At any rate, Crowley makes a convincing case, but what motivated my alternative reading was that unrelated portions of the book dealing with other people indicated to me that Shrum likes to deploy a very heavy hand when grinding his axes. The Edwards passages didn’t feel like that to me. One source of contention, for example, is that Shrum says in the book that Edwards’ vote for the war was basically a political position move that Shrum (among others) advocated that went against Edwards’ instincts. The Edwards campaign has made it clear that they really don’t like this story, and instead prefer to focus on the issue of flawed intelligence and misplaced faith in George W. Bush. It seems perfectly plausible to me that Shrum would have believed that Shrum’s account paints Edwards in a more favorable light — Edwards is a man of sound judgment who in a moment of weakness bowed to expediency and has ever since learned to stick to his guns. Obviously, Team Edwards doesn’t see it that way, but it continues to be a bit unclear to me what mistake, exactly, Edwards is trying to say he made with that vote.
In a damaging revelation made late in her testimony today, Monica Goodling disclosed that right before she took a leave of absence from the Department of Justice, Attorney General Alberto Gonzales personally attempted to shape her future testimony to Congress about the U.S. attorney purge.
Describing it as an “uncomfortable” conversation, Goodling claimed that in a personal meeting with Gonzales, he “laid out for me his general recollection…of some of the process…regarding the replacement of the U.S. attorneys.” After he had “laid out a little bit of it,” Gonzales asked Goodling if she “had any reaction to his iteration.” She then added:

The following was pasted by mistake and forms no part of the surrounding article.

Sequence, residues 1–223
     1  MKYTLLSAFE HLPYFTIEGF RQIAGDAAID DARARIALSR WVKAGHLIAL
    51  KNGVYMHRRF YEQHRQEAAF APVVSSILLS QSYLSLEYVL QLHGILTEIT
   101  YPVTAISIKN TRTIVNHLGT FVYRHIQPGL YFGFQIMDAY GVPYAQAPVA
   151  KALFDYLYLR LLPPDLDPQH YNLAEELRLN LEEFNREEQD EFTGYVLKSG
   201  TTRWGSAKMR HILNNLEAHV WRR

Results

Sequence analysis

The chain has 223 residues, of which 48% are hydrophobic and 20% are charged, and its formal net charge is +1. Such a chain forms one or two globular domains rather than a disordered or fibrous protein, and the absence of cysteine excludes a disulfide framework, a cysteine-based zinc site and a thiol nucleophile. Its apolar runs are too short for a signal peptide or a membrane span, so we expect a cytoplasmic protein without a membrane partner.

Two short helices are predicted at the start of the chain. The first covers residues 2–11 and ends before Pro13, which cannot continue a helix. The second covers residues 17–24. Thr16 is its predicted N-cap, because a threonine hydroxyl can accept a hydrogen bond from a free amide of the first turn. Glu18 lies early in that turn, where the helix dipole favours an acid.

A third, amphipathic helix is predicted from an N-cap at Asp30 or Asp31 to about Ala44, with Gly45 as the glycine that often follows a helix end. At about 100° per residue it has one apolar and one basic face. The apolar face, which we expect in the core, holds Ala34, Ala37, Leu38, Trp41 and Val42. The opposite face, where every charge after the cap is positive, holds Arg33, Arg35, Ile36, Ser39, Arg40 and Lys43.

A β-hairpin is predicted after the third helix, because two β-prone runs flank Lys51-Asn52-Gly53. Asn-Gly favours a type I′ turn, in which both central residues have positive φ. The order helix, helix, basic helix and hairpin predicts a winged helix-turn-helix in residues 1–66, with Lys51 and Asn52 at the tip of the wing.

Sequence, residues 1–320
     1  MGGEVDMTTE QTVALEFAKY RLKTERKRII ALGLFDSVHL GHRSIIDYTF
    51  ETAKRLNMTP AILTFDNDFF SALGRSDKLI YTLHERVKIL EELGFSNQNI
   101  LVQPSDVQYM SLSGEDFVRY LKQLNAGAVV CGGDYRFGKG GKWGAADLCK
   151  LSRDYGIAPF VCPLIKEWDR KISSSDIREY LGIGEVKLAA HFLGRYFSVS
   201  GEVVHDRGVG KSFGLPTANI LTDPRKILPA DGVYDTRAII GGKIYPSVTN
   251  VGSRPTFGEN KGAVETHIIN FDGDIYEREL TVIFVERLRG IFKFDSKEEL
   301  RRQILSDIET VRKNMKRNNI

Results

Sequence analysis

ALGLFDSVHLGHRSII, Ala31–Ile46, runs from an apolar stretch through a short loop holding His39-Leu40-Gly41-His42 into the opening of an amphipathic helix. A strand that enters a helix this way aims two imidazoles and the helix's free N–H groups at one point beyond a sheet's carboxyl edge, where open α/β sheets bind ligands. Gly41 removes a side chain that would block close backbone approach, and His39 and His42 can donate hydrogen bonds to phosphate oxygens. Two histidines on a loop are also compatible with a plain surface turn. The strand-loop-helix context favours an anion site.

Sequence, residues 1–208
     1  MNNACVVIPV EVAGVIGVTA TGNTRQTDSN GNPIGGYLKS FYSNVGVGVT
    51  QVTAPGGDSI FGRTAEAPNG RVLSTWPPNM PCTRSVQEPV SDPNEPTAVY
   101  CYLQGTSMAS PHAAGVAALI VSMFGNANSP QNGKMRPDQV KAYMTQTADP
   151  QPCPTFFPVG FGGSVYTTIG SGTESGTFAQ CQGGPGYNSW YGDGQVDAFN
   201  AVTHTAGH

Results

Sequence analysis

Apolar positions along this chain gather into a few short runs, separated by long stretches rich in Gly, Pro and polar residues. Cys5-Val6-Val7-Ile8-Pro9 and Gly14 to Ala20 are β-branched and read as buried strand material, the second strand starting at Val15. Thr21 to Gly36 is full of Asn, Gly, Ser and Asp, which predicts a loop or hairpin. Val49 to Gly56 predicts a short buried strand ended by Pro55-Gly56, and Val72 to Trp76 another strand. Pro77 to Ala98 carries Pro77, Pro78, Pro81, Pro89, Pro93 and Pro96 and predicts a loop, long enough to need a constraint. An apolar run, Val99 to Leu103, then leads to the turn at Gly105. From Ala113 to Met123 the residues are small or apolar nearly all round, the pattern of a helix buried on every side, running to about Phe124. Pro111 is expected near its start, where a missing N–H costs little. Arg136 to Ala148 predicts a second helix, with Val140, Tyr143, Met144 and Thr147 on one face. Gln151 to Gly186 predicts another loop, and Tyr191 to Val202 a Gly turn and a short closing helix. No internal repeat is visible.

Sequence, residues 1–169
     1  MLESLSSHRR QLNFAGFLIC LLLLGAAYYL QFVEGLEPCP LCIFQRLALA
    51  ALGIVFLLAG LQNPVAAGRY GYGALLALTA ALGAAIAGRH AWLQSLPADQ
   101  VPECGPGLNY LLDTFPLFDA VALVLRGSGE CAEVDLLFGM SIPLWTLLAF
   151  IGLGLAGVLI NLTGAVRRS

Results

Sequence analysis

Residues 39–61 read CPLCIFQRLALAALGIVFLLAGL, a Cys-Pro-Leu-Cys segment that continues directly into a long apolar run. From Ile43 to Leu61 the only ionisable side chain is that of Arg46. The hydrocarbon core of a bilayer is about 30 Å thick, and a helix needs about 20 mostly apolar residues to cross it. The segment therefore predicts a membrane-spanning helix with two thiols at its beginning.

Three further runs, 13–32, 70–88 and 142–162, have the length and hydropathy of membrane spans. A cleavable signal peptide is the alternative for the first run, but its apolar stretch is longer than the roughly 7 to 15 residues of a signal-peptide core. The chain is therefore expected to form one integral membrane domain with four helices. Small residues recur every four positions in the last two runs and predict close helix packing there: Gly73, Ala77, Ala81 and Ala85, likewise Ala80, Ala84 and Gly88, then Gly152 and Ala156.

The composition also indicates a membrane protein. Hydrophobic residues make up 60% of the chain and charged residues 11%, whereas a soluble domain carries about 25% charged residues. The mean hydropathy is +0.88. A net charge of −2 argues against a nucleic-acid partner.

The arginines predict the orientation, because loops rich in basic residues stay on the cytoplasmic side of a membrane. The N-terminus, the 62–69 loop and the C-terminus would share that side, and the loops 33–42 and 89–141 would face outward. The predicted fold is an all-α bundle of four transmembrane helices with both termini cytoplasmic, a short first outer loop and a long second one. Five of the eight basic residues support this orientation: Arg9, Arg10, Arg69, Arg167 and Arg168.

I remember thinking at that point that this was something that we were all going to have to talk about, and I didn’t know that it was — I just — I didn’t know that it was maybe appropriate for us to talk about that at that point.
Rep. Artur Davis (D-AL) asked her if she felt the Attorney General was trying to “shape your recollection,” to which she replied “no.” But Goodling acknowledged she was “uncomfortable” with the conversation. Watch it:
Gonzales’ conversation with Goodling took place on either March 14th or 15th, a week after “the House Judiciary Committee requested that Goodling testify before the committee.” Goodling’s testimony indicates that the Attorney General may have crossed “into a borderline area of coaching a likely witness before the eventual testimony.” More importantly, Gonzales’ attempts to coach a witness could potentially be viewed as an obstruction of justice. Here’s 18 USC section 1505:
Whoever corruptly, or by threats or force, or by any threatening letter or communication influences, obstructs, or impedes or endeavors to influence, obstruct, or impede…the due and proper exercise of the power of inquiry under which any inquiry or investigation is being had by either House, or any committee of either House or any joint committee of the Congress–